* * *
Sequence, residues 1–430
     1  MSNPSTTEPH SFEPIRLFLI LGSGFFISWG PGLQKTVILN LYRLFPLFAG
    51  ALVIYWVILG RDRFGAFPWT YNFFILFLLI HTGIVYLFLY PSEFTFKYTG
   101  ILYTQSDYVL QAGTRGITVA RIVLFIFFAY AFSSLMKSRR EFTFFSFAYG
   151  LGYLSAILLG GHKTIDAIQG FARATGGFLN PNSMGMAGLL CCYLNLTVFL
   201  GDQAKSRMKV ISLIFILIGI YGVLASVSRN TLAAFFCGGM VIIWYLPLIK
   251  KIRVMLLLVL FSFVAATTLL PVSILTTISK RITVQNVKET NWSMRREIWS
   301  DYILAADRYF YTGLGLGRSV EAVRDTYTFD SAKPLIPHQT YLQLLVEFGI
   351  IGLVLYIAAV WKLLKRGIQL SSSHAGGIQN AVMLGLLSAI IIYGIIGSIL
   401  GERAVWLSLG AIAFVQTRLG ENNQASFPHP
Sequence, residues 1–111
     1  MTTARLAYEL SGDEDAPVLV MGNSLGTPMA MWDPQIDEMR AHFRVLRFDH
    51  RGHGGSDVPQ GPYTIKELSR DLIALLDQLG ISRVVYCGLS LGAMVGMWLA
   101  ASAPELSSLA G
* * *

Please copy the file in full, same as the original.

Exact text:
Sequence, residues 1–430
     1  MSNPSTTEPH SFEPIRLFLI LGSGFFISWG PGLQKTVILN LYRLFPLFAG
    51  ALVIYWVILG RDRFGAFPWT YNFFILFLLI HTGIVYLFLY PSEFTFKYTG
   101  ILYTQSDYVL QAGTRGITVA RIVLFIFFAY AFSSLMKSRR EFTFFSFAYG
   151  LGYLSAILLG GHKTIDAIQG FARATGGFLN PNSMGMAGLL CCYLNLTVFL
   201  GDQAKSRMKV ISLIFILIGI YGVLASVSRN TLAAFFCGGM VIIWYLPLIK
   251  KIRVMLLLVL FSFVAATTLL PVSILTTISK RITVQNVKET NWSMRREIWS
   301  DYILAADRYF YTGLGLGRSV EAVRDTYTFD SAKPLIPHQT YLQLLVEFGI
   351  IGLVLYIAAV WKLLKRGIQL SSSHAGGIQN AVMLGLLSAI IIYGIIGSIL
   401  GERAVWLSLG AIAFVQTRLG ENNQASFPHP
Sequence, residues 1–111
     1  MTTARLAYEL SGDEDAPVLV MGNSLGTPMA MWDPQIDEMR AHFRVLRFDH
    51  RGHGGSDVPQ GPYTIKELSR DLIALLDQLG ISRVVYCGLS LGAMVGMWLA
   101  ASAPELSSLA G